Atlantic Cities

Uncover the Secret Oases of San Francisco

Uncover the Secret Oases of San Francisco
Noah Christman

San Francisco’s downtown business district, a flatland where the office towers are tall enough to blot out the sun, doesn’t have much park space. And when the goof-off options during business hours are limited to trips between a private office and a private restaurant for lunch, the city can start to feel a little inhospitable. Where to find a place to sit in the sun, a table for eating a homemade sandwich, a planter of flowers, a flat surface on which to momentarily set down one’s coffee?

According to the nonprofit urban think tank SPUR, downtown alone has more than 50 such places — they’re just well hidden. "The issue is that a lot of people don’t know these spaces exist," says Karen Steen, publications and communications manager at SPUR. "They’re not well marked. Sometimes they’re upstairs, on a roof, or sometimes it’s an interior atrium and there’s no way of knowing it’s a public space."

To call attention to these oases of urban respite, SPUR and the developer Escape Apps have released an iPhone app that documents and maps downtown’s indoor parks, rooftop terraces, urban gardens, and bamboo forests (yes!).


This sun terrace at 100 First Street is accessible via a staircase on Mission. On your way up, grab some grub from the deli at the foot of the stairs.

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The app, SF’s Secret Spaces and Hidden Oases, sheds light on downtown’s uncataloged network of privately owned public open spaces, or POPOS (also POPS), as they are known in urban advocacy parlance. In 1985, the city strengthened its public-space requirements by asking developers to provide one square foot of open space for every 50 square feet of occupied office area; over the past few decades downtown has accumulated a nice share of POPOS. The app features plenty of snippets and sun terraces worth discovering, but there are also some hard-to-miss large plazas.

The trouble, explains Steen, is that even obvious plazas can look like no-trespassing zones, and there are no signs that say otherwise. "The developers are following the letter of the law to create these spaces, but they’re not necessarily letting everybody know that they exist," she says.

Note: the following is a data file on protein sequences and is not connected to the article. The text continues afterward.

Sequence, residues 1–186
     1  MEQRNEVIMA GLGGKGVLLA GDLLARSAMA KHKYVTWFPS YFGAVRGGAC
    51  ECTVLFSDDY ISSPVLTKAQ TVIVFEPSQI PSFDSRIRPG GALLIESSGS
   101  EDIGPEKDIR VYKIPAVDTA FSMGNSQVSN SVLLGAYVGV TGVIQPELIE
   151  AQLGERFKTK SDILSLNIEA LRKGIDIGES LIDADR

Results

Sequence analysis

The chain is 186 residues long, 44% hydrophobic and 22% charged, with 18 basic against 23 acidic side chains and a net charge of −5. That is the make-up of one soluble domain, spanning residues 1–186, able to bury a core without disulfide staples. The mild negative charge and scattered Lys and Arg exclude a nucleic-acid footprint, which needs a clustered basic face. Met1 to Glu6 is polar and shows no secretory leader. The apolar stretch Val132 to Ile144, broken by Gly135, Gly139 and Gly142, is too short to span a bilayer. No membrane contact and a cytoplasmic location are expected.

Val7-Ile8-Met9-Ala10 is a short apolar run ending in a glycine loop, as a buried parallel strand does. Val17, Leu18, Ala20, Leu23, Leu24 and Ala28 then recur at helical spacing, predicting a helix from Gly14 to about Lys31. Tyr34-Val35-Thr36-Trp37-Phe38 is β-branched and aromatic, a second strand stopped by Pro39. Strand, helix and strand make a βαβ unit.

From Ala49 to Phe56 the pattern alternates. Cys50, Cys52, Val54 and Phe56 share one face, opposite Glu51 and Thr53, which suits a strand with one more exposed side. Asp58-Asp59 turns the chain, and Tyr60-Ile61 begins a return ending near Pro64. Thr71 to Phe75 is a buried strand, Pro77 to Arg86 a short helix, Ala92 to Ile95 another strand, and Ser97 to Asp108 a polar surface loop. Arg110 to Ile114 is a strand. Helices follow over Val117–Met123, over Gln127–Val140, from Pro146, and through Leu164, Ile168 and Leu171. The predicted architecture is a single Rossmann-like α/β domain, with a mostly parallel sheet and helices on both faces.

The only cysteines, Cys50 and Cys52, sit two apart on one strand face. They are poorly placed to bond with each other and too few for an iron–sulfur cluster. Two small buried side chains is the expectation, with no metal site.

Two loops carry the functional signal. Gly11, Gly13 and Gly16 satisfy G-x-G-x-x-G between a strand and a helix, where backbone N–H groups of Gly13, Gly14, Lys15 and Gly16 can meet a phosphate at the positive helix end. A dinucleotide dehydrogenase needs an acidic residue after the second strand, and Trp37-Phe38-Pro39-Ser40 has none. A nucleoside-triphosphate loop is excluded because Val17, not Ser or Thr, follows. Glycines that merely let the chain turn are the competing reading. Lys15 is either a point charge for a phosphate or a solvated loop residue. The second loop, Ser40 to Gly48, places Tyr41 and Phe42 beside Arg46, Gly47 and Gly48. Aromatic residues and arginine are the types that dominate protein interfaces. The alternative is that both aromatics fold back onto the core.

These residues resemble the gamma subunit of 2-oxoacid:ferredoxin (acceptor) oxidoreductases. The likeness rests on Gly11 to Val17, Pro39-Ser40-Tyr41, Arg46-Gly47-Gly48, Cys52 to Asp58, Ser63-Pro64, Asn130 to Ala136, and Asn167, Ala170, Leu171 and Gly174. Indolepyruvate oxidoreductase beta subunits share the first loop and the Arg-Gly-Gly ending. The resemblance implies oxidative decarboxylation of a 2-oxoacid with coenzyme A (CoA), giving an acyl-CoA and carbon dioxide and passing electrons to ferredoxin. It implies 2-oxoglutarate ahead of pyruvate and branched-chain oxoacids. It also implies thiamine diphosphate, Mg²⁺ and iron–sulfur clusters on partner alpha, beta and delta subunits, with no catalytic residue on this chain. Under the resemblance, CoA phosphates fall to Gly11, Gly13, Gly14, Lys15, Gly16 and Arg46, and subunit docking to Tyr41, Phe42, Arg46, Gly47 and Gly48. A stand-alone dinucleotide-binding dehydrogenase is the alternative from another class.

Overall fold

The Citigroup Center, at Sansome and Sutter streets, owes its skylit atrium and marble arches to the 1912 Paris-London Bank building, which was hollowed out to make way for palm trees, a crêpe stand, and your afternoon coffee run.

The app works like a guidebook to downtown, with tips on park closing times and suggestions for improvements like better signage or the need for a restroom. The project grew out of a 2009 report from SPUR that evaluated San Francisco’s POPOS, which in turn was inspired by a 2006 assessment of the spaces by the art and design studio Rebar.


560 Mission Street is an urban garden with a high bamboo grove. The path steps down to a granite plaza with tables, chairs, and delis close by.

If you’re in Boston or New York, not to worry—another urban research group, ICE-POPS, has got your back. Tally up your local POPOS and check out the guides that are still in progress. Seattle and Pittsburgh, you’re next!


The sun terrace at 150 California Street is open from 9 a.m. to 6 p.m. Don’t be deterred by the lobby guard—just sign in and head on up.


Open from 8 a.m. to 6 p.m., the indoor park at 101 Second Street is a five-story skylit atrium with café seating on the mezzanine.


The urban garden at Empire Park beautifies the site of a demolished building with big brick planters, café tables, and a sculptural fountain.

Top image: Think of the indoor park at 135 Main Street as your multilevel living room in the middle of downtown. Inside, several floors of couches and carpets beckon the lunchtime napper. All photos courtesy of Noah Christman

This post originally appeared on Architizer, an Atlantic partner site.

Lamar Anderson is a San Francisco–based freelance writer. Her work has appeared in Architectural Record, ARTnews, the Hairpin, and Salon. All posts »

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